Bill to overhaul graduation requirement passes first committee
ALBUQUERQUE, N.M. — Efforts to rework New Mexico’s high school graduation requirements took a step forward Monday. House Bill 126 cleared the House Commerce & Economic Development Committee Monday on an 8-2 vote.
Albuquerque Rep. Andres Romero’s bill comes as the state’s graduation rate slowly recovers from a recent low of 63% in 2011. The graduation rate was 76.8% in 2021 – still nearly 9 points lower than the national average of 85%.
“It’s now or never for some of our kids,” said Whitney Holland, the New Mexico president of the American Federation of Teachers. “Something’s gotta give, and it’s not going to be our teachers. It’s not going to be our students. So something’s got to shift a little bit.”
Romero’s bill would drop the total number of required credits from 24 to 22. The bill also changes requirements inside certain subjects listed below:
• English (4 credits required – no change) Would require a sequence of three units, allows for English language development courses to count for core units
• Math (4 credits required – no change) Removes Algebra II requirement, instead requires a sequence of Algebra I and Geometry
• Science (3 credits required – no change) Still requires two units of laboratory based science.
• Social Studies (4 credits requires – 3.5 now) Removes one-half unit of New Mexico history. Requires 1) U.S. history & geography, including course content that contains New Mexico history; 2) government & economics, including course content that contains civics; and 3) world history & geography.
• Health & P.E. (1 credit required – no change) Requires one-half credit of health, one half-credit of physical education
• Electives (4 credits required – 7.5 now) Must include a two-unit pathway concentration of the student’s choice in world language, fine arts, health, military, a career technical education (CTE) program, community learning with a capstone, or two units of work-based learning.
• District Choice (2 credits required) Local school districts and charter schools will set two credit hours of graduation requirements. Can be electives or core proficiencies.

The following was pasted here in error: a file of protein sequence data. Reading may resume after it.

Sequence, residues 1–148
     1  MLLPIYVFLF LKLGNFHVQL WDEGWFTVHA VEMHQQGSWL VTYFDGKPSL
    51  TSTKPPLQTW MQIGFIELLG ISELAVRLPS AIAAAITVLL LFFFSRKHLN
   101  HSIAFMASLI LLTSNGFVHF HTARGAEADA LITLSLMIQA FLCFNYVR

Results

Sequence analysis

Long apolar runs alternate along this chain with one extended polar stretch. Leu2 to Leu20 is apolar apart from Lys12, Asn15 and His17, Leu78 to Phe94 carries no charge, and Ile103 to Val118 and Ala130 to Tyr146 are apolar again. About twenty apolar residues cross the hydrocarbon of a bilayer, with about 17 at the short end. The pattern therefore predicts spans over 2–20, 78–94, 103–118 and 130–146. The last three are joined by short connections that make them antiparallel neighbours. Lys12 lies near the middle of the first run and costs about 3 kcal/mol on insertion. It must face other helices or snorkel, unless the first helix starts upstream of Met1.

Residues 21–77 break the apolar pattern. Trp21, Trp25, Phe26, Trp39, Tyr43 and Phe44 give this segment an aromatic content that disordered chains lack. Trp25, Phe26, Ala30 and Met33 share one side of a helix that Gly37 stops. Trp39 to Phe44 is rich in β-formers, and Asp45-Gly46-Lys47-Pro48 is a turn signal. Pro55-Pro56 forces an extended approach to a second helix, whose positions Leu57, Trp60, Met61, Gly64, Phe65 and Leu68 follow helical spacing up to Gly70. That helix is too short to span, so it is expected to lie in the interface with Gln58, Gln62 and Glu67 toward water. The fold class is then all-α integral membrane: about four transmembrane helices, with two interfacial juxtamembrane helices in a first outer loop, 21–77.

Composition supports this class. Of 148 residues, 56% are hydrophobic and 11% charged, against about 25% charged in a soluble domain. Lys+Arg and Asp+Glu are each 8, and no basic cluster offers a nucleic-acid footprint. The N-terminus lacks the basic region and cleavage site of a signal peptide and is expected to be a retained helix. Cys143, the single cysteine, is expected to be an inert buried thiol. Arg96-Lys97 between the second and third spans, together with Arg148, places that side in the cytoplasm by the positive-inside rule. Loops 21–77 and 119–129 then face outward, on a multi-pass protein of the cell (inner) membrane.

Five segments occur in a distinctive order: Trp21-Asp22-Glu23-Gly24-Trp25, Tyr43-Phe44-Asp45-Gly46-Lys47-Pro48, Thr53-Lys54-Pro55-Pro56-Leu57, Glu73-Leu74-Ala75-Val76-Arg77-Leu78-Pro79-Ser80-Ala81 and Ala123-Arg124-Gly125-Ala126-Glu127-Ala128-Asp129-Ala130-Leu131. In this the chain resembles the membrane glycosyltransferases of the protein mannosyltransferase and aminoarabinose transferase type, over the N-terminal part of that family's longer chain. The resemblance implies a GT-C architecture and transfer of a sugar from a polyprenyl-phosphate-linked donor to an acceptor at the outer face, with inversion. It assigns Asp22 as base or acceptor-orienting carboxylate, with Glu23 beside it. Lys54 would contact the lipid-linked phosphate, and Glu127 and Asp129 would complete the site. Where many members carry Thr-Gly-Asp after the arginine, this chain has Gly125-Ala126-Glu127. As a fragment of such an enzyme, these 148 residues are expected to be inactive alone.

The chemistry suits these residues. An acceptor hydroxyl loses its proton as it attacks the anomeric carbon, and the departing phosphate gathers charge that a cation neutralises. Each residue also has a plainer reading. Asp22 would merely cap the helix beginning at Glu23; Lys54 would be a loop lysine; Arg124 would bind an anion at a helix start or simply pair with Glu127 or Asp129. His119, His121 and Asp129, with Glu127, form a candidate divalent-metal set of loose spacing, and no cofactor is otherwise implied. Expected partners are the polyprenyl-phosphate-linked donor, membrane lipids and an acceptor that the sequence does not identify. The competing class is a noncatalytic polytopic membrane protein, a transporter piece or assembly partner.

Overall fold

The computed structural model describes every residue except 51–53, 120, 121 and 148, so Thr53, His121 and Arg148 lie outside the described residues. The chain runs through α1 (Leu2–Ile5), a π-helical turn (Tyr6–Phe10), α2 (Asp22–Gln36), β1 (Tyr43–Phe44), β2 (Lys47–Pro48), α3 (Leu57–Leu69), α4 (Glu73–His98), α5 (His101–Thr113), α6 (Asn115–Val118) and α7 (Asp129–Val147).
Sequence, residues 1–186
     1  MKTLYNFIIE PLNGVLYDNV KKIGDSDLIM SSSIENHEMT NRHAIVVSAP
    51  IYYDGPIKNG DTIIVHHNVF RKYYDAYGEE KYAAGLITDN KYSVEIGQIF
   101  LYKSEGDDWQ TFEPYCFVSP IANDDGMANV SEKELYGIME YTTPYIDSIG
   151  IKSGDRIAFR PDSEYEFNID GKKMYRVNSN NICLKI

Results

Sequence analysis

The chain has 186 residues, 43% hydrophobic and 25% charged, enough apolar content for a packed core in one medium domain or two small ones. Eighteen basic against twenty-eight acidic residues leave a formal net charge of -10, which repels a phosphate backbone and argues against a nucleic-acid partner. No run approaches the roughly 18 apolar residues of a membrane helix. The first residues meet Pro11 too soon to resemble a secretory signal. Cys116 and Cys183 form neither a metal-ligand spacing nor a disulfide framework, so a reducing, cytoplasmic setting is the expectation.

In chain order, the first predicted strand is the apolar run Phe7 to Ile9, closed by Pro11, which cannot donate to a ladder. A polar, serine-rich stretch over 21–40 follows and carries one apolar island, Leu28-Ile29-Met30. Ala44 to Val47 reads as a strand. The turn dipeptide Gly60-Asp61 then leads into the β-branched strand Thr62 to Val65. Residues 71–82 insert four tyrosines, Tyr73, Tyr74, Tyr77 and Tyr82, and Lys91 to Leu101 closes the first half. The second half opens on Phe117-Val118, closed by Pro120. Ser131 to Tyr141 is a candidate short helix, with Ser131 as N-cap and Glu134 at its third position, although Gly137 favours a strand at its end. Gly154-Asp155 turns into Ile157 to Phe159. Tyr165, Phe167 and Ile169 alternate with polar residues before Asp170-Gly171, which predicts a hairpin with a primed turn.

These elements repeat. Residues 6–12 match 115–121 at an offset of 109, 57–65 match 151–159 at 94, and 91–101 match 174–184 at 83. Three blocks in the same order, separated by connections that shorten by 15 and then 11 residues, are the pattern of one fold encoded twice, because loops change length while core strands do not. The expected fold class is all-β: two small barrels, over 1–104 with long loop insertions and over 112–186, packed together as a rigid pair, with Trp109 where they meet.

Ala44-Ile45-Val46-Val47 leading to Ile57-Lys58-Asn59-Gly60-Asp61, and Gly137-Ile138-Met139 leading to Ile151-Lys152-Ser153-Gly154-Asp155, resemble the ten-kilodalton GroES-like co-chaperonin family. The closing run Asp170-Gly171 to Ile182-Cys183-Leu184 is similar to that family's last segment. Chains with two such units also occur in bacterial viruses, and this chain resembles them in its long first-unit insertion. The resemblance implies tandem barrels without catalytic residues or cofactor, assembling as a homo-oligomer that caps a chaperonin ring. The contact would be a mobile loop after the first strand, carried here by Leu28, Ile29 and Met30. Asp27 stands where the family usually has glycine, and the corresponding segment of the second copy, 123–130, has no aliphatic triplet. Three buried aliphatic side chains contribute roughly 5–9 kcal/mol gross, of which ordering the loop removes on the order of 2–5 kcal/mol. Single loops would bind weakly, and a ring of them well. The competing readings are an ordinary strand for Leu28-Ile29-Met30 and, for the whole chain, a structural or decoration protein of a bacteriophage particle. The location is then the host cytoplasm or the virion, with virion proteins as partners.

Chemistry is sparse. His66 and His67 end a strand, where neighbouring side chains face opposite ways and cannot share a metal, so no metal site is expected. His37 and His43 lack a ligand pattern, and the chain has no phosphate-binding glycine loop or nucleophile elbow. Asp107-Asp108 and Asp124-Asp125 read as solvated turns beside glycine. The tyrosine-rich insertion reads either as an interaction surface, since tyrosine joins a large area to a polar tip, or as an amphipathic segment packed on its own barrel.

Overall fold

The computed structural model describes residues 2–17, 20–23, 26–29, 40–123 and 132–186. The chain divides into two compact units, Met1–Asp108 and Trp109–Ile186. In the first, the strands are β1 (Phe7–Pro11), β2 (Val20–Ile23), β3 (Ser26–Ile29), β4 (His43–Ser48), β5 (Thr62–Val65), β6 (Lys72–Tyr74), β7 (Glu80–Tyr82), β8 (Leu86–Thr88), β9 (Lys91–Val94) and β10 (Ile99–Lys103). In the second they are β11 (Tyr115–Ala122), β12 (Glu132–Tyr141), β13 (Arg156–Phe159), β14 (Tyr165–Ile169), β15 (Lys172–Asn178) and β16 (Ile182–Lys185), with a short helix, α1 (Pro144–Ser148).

There will no longer be a single credit requirement for a career cluster, workplace readiness, or language other than English course. The bill would also require school districts to develop graduate profiles. Those profiles are supposed to define the skills and knowledge students should have when they leave high school.
“What this is doing is taking a really in depth look at what we know about how kids learn and what we want to see kids doing in the future. And it’s taking in that consideration that not all kids go to college, and that’s okay,” said Holland.
Both Rep. Romero and Holland believe the proposed requirements are more flexible for students and teachers. Holland says that could increase students’ willingness to attend school in the first place.
“Instead of looking at a cookie cutter, one size fits all model, we’re going to open the door for interest, and my hope is we’ll see some of the absence issues, we have a huge chronic absentee issue in Mexico, see some of that kind of simmer down a little bit, because kids are going to be emotionally fulfilled, and they’re going to want to go to school,” said Holland.
During Monday’s committee meeting, some state lawmakers questioned the removal of the Algebra II requirement. Recent standardized test results show only 16% of high school juniors are proficient in math.
“I think if we just turn this over and not require things like Algebra II for SAT exams and these other things, I think we’re dumbing down our students, and I’d hate to see that madame chair,” said Gallup Rep. Patty Lundstrom.
Holland disagreed with those concerns. She says it’s important to remember these are the states’ minimum requirements to graduate high school. She guesses most schools will still offer Algebra II for students who want to take the course. Some districts may even require the course if they believe it’s best for their students.
“It’s like a recipe, like we’re going to offer you the fruit and vegetables, but it’s up for the district to figure out how you spice it up a little bit,” Holland said. “I think we’re taking a more critical look at what is successful, and what is the ready for college and career and Algebra Two is not necessarily it.”
The superintendents from Santa Fe Public Schools and Hobbs Municipal Schools have cast their support for the proposed changes. Representatives from Albuquerque Public Schools and Rio Rancho Public Schools could not be reached for comment Tuesday.
If approved, the new requirements would go into effect for students entering ninth grade in the 2024-2025 schools year.